Ala cancer patient has surprise ‘pre-prom’

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TUSCALOOSA, Ala. (AP) - Sixteen-year-old Angel Eaton thought she was going on a date to play miniature golf with her boyfriend.

What she didn’t know was that she would be crowned prom queen instead.

A group of Angel’s close friends, parents and people she’s never met staged a “pre-prom” for her on Saturday night, complete with music, balloons, a ballgown and a crown.

Angel doesn’t know if she will be able to attend the Hillcrest High prom next month. She’s fighting Ewing’s sarcoma, a rare type of bone cancer. She has undergone chemotherapy and is scheduled to have surgery Friday to remove a cancerous tumor near her spine.

“Prom is two weeks after the surgery, and she should be in the hospital at least a week, maybe longer,” said Angel’s mother, Kim Eaton. “Her doctor thinks she might be able to go, to make an appearance, but she definitely won’t be dancing and maybe will be in a wheelchair.”

Angel’s friends knew the Hillcrest High sophomore had been looking forward to the prom for months and already had a blue dress ready for the big date. They wanted her to be able to dance and enjoy the prom as much as any other teenager.

“We have a friend who is a cancer survivor and a friend of hers from Georgia threw the idea out there,” said Leslie Barger, a friend of the Eaton family.

The friends had one week to find a location, arrange food and all the decorations. MJ Academy of Dance in Taylorville supplied the location, free of charge.

Kim Hubbard, the Georgia resident who has never met Kim or Angel, heard about Angel’s story and paid for all the food. A photographer was also there to document Angel’s big night.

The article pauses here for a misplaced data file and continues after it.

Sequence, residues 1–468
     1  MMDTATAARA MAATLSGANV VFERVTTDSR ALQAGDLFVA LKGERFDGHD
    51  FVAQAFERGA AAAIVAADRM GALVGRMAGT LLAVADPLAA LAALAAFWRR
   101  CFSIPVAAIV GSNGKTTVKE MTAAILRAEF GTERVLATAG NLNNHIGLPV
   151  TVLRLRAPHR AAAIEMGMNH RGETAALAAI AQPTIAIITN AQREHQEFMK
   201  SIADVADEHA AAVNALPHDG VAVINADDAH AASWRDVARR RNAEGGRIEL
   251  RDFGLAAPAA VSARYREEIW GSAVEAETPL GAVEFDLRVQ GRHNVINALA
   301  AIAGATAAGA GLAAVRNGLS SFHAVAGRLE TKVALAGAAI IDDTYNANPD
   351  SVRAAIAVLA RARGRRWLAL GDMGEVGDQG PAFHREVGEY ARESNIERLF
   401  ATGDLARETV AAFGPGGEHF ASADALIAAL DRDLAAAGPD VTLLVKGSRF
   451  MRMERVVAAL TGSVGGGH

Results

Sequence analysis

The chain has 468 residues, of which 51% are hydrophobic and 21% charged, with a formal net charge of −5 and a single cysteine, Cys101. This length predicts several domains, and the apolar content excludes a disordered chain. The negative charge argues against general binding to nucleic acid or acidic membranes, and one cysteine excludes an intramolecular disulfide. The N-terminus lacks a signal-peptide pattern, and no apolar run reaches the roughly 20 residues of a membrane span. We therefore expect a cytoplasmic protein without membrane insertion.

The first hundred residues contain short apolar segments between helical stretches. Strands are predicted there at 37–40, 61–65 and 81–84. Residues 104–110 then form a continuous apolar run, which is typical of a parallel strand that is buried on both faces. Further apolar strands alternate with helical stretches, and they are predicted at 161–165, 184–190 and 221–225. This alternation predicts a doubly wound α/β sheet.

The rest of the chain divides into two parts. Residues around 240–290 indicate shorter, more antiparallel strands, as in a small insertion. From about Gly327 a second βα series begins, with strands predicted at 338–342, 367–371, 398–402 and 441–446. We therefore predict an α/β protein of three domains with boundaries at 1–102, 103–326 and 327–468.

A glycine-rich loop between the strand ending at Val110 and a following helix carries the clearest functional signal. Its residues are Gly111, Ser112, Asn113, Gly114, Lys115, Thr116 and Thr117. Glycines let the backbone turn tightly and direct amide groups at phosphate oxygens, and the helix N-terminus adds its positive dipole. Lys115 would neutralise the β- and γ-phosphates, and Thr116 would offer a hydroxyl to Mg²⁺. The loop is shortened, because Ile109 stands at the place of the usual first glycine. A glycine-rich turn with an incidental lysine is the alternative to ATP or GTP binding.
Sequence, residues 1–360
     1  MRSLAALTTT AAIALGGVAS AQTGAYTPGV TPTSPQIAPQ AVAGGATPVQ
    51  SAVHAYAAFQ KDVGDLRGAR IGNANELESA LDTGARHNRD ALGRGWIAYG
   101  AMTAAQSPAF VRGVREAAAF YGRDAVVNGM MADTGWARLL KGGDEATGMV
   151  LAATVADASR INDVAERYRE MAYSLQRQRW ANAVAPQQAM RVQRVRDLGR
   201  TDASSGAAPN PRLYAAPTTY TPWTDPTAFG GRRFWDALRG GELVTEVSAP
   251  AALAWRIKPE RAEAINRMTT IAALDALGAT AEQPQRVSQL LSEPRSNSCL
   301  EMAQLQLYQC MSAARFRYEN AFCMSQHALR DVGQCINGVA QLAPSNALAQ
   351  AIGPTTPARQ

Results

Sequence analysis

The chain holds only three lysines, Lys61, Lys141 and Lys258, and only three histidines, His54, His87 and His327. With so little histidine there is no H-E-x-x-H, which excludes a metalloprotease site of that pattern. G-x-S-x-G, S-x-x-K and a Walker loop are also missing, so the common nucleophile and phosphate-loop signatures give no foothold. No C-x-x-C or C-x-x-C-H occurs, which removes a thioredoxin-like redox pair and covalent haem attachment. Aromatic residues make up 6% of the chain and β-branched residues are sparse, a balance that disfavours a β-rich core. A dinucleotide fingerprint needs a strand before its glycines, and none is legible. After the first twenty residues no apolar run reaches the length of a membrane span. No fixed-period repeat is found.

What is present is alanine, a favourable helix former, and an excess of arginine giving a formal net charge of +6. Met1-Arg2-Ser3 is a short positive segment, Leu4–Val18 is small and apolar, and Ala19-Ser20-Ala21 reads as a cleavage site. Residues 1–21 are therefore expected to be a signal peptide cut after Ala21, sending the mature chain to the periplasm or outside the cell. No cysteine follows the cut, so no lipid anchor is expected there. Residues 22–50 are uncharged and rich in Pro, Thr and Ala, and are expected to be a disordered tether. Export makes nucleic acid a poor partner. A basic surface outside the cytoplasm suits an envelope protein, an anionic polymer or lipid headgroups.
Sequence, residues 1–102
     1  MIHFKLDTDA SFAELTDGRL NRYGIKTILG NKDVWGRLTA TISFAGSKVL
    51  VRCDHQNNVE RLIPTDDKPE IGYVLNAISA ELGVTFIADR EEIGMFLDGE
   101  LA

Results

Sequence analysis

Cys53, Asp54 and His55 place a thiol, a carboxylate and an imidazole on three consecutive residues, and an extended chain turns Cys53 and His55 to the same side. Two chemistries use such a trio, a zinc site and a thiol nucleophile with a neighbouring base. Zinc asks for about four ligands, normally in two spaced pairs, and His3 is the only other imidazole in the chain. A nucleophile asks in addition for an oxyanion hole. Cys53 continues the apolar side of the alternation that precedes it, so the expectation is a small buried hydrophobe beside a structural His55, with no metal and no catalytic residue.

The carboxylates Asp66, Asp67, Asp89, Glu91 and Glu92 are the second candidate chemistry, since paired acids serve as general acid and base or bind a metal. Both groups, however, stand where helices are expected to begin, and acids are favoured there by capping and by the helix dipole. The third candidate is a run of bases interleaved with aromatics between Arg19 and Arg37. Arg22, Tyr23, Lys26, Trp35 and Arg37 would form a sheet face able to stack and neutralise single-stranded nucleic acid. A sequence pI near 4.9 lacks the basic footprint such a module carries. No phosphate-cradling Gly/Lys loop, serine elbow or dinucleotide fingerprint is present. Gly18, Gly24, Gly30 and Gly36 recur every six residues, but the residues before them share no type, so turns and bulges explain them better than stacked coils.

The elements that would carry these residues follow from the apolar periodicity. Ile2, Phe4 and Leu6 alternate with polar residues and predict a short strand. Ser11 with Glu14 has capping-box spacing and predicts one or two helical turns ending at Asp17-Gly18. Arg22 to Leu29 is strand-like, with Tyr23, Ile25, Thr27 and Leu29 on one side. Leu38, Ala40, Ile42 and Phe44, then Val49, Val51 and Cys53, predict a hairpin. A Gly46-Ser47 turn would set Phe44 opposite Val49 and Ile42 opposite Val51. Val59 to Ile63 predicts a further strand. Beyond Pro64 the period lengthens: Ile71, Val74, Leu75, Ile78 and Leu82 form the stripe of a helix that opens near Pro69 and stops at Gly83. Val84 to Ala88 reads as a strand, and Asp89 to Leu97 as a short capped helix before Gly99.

“We took pictures and talked and danced, and just hung out,” Angel Eaton said.

It was one night where Angel could be like any other teenager.

“Everyone was so amazing,” Kim Eaton said. “I definitely cried. Angel had so much energy and was so excited and smiling all night. It was so great to see her so alive again.”

Angel’s cancer meant the party planners had to be flexible. A few days before the party, Angel went to Children’s Hospital for a scheduled MRI and ended up in the ICU because of a fever and low blood pressure from an infection in her blood.

“It was definitely one of the scariest moments since this (cancer) started, not understanding what exactly is happening, and then your child isn’t responding or waking up and the ICU doctors talking about intubating,” Kim Eaton said.

Luckily, some heavy-dose steroids turned things around. Angel started to improve.

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